“Naps as Art” reads a folding sandwich board sign in front of a storefront at 5427 Germantown Avenue, in Germantown.
The sign invites passersby inside an immersive art installation to engage in a potentially radical act: to relax.
“I think it’s very difficult for people to relax. Sometimes people need encouragement,” said artist Gralin Hughes. “I created this space as a calming and relaxing place for people to come and take a rest, take a break, or even maybe fall asleep.”
Called “Supine Horizons,” Hughes’ installation inside what is usually a dance studio for Kinesics Dance Dynamics Theatre is a dimly lit space filled with furnishing with soft textures (visitors are encouraged to take their shoes off and feel the deep shag rug underfoot), gently animated video abstractions, and ambient music composed by the artist.
At first impression, the calmly pulsating environment could resemble a day spa, but with several important differences: it’s free, and there is no expectation of any kind of transaction. Nothing is for sale. There are no instructions or guidance as to what to do.
Curator Nicole Pollard, with the arts-presenting organization Philadelphia Contemporary, said some people may at first feel disoriented by an invitation to do nothing.
“I think that comes from this larger, very messy system that is capitalism,” she said. “That fabricated need of always having something new or needing to buy something communicates to us that there’s no room to rest or stop. So much of that we hold in ourselves, more than we realize. A lot of people, if you ask them what resting looks like for them, they don’t even know how to tell you.”
Hughes is a Philadelphia-based multi-disciplinary artist and performer whose sound and projection work has been seen in various places around the city for the past few years. For his first solo installation, he created “Supine Horizons” as a subtle homage to his own family: the video projections of tumbling, jagged lines resemble auras, or energy fields that might radiate from his ancestors.
“It’s the release of all the bad energy,” Gralin said. “It’s being surrounded by the spirits, by the energy of a family, and being protected.”
In particular, Gralin thought about his grandmother who had seven children and, to his knowledge, never stopped working and never complained about it.
“The messages that I received were that, for people of color, I had to work extra hard in order to get the same recognition that other people might have gotten,” he said. “The idea of stopping and relaxing was always frowned upon by my family. You have to keep grinding, you have to keep working, otherwise people are going to think you’re lazy. I really want to change that way of thinking.”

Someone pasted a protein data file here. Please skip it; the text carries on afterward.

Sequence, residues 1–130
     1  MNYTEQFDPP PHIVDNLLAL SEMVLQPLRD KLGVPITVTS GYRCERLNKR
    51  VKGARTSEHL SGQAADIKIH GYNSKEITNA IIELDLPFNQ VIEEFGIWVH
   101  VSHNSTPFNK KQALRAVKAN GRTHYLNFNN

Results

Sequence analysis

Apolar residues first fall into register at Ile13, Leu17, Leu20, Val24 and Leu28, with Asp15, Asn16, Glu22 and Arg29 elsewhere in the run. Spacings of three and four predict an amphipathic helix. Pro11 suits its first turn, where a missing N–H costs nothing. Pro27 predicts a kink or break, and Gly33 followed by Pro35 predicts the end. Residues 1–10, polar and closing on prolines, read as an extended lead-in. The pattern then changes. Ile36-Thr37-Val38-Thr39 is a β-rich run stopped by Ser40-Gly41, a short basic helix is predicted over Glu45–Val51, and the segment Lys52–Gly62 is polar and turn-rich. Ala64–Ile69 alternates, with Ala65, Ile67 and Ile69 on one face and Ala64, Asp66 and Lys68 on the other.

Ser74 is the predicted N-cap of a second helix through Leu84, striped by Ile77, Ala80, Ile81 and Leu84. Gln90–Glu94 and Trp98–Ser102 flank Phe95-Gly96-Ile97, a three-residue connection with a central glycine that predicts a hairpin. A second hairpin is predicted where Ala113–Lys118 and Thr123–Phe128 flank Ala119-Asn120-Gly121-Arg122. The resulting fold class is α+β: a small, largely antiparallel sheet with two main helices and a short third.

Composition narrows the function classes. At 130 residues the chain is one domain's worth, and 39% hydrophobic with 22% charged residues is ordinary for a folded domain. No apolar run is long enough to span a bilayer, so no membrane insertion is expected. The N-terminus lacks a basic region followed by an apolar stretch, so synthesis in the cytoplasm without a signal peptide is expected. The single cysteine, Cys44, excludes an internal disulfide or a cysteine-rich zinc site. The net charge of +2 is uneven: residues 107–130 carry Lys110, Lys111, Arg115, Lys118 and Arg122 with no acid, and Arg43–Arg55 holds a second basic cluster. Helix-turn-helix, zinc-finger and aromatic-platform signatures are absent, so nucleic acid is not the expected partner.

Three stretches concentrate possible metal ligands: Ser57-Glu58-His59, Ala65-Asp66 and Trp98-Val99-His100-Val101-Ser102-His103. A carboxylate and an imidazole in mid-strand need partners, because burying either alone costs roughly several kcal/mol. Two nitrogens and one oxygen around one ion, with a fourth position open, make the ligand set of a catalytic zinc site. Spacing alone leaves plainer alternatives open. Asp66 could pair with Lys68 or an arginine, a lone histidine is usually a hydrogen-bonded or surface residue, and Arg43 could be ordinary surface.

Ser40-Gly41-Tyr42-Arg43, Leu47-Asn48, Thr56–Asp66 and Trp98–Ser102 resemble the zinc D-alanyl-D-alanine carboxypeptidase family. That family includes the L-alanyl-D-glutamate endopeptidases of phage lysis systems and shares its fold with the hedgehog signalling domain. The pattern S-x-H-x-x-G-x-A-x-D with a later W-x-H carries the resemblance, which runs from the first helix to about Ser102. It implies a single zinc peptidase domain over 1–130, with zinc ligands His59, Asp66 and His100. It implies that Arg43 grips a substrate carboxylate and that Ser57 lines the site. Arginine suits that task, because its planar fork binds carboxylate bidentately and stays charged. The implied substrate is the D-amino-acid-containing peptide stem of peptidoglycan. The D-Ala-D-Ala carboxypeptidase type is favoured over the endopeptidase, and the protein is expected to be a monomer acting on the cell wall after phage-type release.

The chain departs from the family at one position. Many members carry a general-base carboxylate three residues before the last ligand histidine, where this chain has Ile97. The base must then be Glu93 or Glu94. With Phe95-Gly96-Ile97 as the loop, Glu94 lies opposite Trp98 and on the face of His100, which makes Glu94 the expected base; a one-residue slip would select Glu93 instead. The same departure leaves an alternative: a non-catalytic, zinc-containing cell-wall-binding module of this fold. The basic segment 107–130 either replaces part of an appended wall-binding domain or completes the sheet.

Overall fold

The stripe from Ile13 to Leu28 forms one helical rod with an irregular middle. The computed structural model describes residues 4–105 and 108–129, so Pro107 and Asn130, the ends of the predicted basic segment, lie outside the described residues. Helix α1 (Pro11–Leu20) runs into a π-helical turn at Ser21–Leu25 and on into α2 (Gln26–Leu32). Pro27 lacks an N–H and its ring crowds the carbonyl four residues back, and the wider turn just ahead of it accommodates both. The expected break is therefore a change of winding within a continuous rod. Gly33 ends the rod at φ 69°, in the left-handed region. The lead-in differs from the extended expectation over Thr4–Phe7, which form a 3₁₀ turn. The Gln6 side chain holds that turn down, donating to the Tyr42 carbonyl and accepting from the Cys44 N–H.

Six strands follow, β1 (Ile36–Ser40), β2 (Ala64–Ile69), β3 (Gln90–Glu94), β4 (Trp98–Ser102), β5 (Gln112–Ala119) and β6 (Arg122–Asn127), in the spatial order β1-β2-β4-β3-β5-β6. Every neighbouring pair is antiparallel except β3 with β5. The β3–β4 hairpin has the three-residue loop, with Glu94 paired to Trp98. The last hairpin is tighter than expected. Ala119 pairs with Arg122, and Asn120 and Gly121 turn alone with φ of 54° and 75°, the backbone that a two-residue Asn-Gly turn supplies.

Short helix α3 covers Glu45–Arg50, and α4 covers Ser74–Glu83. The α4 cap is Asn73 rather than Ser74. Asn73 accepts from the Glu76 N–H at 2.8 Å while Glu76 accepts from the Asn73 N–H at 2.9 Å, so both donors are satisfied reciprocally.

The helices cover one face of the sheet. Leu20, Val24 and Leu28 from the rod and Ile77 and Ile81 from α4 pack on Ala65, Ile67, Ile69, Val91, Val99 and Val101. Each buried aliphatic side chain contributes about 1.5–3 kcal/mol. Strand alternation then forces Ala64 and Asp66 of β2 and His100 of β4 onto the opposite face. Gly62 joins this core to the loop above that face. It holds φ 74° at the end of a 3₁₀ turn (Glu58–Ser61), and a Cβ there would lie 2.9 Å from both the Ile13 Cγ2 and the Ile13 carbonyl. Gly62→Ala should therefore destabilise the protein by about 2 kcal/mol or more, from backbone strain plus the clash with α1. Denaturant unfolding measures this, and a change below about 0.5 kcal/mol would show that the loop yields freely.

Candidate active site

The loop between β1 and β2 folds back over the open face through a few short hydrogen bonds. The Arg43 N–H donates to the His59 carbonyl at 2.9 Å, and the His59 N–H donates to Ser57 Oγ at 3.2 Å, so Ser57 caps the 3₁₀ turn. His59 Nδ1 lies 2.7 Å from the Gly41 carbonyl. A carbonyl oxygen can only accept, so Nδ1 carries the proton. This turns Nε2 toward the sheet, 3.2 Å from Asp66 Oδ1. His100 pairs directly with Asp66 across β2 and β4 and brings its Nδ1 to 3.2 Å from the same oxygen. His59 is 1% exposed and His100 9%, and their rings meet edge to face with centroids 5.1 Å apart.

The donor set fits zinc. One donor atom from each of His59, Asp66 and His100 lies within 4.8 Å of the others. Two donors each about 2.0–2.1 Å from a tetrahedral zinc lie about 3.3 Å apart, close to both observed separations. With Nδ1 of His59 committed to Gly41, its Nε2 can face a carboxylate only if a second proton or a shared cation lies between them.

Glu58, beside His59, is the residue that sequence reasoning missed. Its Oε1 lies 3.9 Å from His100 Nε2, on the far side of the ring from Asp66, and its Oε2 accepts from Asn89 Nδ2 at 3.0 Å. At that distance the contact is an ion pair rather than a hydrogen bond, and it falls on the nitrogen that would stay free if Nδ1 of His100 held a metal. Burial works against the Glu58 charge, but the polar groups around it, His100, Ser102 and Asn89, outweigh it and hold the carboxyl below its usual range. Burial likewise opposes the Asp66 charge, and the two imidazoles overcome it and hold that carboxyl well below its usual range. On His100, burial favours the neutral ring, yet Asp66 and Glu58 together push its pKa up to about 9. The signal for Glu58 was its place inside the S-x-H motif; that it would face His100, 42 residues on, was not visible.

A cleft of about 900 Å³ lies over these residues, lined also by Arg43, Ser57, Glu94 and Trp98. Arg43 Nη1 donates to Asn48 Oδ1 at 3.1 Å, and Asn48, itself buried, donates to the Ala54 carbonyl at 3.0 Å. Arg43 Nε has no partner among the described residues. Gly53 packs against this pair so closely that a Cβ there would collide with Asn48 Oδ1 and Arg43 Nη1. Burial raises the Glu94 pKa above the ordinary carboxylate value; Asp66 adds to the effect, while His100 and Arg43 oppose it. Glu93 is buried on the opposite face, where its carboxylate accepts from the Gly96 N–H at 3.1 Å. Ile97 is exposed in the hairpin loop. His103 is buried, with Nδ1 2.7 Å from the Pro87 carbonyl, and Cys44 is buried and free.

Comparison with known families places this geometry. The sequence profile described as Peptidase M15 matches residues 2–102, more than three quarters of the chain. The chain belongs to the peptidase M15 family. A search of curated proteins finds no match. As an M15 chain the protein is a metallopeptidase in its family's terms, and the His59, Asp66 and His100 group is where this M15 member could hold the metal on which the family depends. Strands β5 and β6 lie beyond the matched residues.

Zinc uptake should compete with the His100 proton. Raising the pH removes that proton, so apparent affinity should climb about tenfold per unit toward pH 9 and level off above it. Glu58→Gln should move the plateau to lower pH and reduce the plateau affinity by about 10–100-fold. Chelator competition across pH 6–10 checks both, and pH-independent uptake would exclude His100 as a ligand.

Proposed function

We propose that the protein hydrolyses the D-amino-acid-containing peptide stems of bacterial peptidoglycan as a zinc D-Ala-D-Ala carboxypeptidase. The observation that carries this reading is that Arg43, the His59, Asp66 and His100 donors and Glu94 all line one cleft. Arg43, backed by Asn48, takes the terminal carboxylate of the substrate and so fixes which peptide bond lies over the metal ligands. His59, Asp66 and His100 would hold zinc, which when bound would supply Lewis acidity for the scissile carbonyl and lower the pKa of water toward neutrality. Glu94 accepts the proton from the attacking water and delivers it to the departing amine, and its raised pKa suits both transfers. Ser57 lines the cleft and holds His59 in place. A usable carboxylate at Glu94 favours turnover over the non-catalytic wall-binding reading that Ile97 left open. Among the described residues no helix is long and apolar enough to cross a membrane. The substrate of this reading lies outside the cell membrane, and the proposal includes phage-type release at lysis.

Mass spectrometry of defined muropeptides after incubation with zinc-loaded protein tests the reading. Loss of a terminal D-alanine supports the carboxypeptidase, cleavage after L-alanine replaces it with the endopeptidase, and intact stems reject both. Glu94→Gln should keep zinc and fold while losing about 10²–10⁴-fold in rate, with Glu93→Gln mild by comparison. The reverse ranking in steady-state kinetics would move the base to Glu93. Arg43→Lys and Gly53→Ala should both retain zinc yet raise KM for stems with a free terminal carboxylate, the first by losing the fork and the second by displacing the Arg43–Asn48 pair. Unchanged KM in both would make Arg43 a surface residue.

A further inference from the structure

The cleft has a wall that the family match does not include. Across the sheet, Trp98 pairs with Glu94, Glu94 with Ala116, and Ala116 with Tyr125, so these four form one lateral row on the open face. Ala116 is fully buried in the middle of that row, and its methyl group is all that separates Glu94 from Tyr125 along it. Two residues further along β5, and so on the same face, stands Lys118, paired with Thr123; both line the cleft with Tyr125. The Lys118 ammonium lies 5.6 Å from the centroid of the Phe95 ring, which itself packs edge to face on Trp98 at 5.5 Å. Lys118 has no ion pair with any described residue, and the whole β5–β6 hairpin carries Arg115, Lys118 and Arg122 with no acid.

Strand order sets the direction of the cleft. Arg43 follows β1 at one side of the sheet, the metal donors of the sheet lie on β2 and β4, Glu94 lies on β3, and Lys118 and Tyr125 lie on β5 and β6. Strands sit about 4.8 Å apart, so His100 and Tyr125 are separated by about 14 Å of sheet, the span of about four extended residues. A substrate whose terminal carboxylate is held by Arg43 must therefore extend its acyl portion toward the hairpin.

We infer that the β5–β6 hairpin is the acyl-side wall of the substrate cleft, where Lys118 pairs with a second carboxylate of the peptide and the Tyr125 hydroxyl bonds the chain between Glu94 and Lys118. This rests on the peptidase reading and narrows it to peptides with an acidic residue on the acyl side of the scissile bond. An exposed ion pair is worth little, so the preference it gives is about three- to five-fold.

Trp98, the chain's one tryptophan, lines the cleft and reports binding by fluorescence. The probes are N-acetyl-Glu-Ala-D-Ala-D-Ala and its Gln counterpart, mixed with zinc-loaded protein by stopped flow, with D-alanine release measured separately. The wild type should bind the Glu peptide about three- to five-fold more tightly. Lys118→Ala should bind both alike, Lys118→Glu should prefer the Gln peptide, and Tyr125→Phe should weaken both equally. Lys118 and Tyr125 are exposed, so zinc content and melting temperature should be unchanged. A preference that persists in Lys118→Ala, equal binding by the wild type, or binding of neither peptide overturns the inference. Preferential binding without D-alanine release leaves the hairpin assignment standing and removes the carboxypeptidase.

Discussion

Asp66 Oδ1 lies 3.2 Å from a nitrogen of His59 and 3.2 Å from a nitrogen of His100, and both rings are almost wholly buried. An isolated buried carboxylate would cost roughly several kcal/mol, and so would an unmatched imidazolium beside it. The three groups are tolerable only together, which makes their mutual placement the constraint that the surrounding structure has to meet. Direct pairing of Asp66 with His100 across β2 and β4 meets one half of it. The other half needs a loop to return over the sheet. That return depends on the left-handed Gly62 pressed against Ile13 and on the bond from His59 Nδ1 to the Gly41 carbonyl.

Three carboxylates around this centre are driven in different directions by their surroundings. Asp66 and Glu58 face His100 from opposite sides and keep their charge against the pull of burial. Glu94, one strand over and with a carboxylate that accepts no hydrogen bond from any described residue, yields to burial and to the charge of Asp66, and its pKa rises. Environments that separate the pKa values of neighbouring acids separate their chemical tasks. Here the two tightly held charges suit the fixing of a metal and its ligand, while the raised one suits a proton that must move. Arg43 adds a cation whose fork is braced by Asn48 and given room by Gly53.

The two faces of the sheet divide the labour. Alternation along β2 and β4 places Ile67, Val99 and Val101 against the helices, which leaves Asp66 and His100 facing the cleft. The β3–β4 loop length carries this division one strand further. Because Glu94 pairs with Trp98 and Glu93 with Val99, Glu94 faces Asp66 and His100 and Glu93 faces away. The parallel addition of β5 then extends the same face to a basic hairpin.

In the lobby of the space, visitors can pick up a newsprint brochure that can be read before or after immersion in the space (it’s too dark to read while inside the installation). Entitled “Rest,” it explains the physical and mental health benefits of resting, and presents rest as a form of political resistance.
“Rest is political because it requires us to push back against the many systems in our country that are designed to keep people in a constant grind or struggle to stay alive,” reads “Rest.” “Without rest, we cannot access our political and creative freedom.”
Recognizing the health benefits of resting is, of course, not new, but recently there has been a growing movement to use relaxation as an act of defiance.
In her new book, “Pause, Rest, Be: Still Practices for Courage in Times of Change,” author Octavia Raheem writes, “To access the wisdom needed now, I must be still. A movement is coming and, first, we must be still.”
Poet and founder of the “Nap Ministry” Tricia Hersey advises in her new book, “Rest is Resistance: A Manifesto,” that “you must resist anything that does not center your divinity as a human being. You are worthy of care.”
The “Rest” brochure at “Supine Horizons” points to further reading, including those two books and several others.
Pollard said the installation is meant to be an introduction for people to think seriously about resting, and help them explore ways they might adopt practices into their own lives and homes. To that end, trust has to be established at the door, because rest will not happen in the space if people have their guards up, or worry they will not “get” the art.
“There will be a few folks here that we’ve hired to welcome folks into the space. There have been a lot of conversations around how to establish that trust,” Pollard said. “How to ask the right questions to really make sure that people feel as though they can drop in and that they’re being cared for.”
Visitors will be limited to six at any given time. People can use time slots as drop-ins or reserved online in advance. Visitors can remain as long as they wish, and can even fall asleep.
For Gralin, people sleeping in his installation would be the ultimate compliment. Visitors will be asked at the door how they would like to be woken should they doze off.
“I wanted to make the space feel calming, really trying to think about the color palettes, the motion, the speed in which things are moving,” he said. “I thought a lot about what is the right tempo to slow down your heartbeat. What is the speed that feels right?”
“Supine Horizons” will be on view until December 20. During its run Pollard, who is also a yoga instructor, said she will program some activities in the space, such as yoga and acupuncture.
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